When a regional gas pipeline ruptured in Lincoln County, Kentucky in the early morning hours of August 1, 2019, it shot skyward a fireball so massive it was picked up on Louisville weather radar. Five people were injured and one person died. Lisa Denise Derringer, a 58-year-old woman from Stanford is remembered by friends and neighbors as a good woman who drove a truck, raised donkeys and loved her children.

In the hours since the explosion, a swarm of state, federal and local investigators have descended on the scene near the small town of Moreland, trying to determine what happened. For clues, they don’t have to look too far.

In January, another section of the pipeline ruptured in Noble County, Ohio injuring two people. Like yesterday’s blast, the towering flames of the massive fire that followed the explosion could be seen from more than 10 miles away. And in 2016, an explosion near Salem Township, Pennsylvania left one victim severely injured. Federal authorities determined corrosion to be the cause of that blast.

Another rupture, another state, another fireball, another serious injury.

Fred Pritzker and Eric Hageman
Explosion Attorneys Fred Pritzker and Eric Hageman

Explosion lawyers Fred Pritzker and Eric Hageman represented the victim in that explosion. “These pipelines are not suddenly supposed to blow apart,” Pritzker told the Kentucky Herald Leader. 

The dangers of our nation’s aging pipeline system are well-known in the industry. More than 60 percent of the 2.6 million miles of pipeline in the U.S. were built before 1970. Some are close to 100 years old.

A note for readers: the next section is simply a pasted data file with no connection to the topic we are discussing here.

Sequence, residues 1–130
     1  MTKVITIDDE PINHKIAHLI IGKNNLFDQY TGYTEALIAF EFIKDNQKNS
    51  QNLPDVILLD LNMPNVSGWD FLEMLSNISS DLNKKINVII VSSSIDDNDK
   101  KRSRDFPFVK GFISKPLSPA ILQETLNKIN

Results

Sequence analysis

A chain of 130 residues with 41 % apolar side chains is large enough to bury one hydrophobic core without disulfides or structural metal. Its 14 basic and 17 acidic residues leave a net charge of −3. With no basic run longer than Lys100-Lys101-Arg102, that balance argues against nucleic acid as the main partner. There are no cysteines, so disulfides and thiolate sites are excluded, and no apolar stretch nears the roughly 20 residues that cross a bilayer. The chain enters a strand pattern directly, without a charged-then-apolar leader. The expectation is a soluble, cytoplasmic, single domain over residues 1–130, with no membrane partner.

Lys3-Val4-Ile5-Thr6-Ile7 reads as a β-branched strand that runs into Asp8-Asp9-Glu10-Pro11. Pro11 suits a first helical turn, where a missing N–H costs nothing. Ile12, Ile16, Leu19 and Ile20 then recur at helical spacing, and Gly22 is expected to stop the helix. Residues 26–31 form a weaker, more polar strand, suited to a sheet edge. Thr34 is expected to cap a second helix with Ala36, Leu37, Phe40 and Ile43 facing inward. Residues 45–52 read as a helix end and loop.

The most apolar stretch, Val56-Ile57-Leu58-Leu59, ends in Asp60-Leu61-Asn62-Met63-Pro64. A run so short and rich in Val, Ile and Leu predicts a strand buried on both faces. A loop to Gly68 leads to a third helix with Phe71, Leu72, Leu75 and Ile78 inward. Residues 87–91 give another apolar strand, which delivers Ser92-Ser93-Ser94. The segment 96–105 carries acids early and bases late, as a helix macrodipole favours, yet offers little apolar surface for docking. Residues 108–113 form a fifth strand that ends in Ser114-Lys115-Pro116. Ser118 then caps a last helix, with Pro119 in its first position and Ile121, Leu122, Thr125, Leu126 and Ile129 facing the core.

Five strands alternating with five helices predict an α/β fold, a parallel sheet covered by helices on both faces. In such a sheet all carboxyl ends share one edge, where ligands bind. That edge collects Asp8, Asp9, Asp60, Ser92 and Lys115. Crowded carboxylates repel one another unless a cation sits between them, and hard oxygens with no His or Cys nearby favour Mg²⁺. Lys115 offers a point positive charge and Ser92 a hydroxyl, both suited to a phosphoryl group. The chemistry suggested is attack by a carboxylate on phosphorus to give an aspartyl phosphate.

Construction on this pipeline, the Texas Eastern, began during World War II. The section that exploded yesterday was built in 1952 or 1953. But, while some sections of the pipeline may have been updated or inspected since then,  the dangers of corrosion were made clear to Enbridge by the Pipeline and Hazardous Materials Safety Administration (PHMSA). In March of this year, the agency sent a warning letter and a notice of probable violation to Enbridge outlining the potential problems and the company’s failure to address them.


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Led by Eric Hageman and Fred Pritzker, our award-winning team of explosion lawyers represents clients nationwide who have been injured in explosions and the families of those who have suffered the wrongful death of a loved one. If your family needs help, call us at 1 (888) 377-8900 (toll-free), send a text to 612-261-0856, or complete the form below. The consultation is free and there is no obligation.

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Fatal Explosion and Fire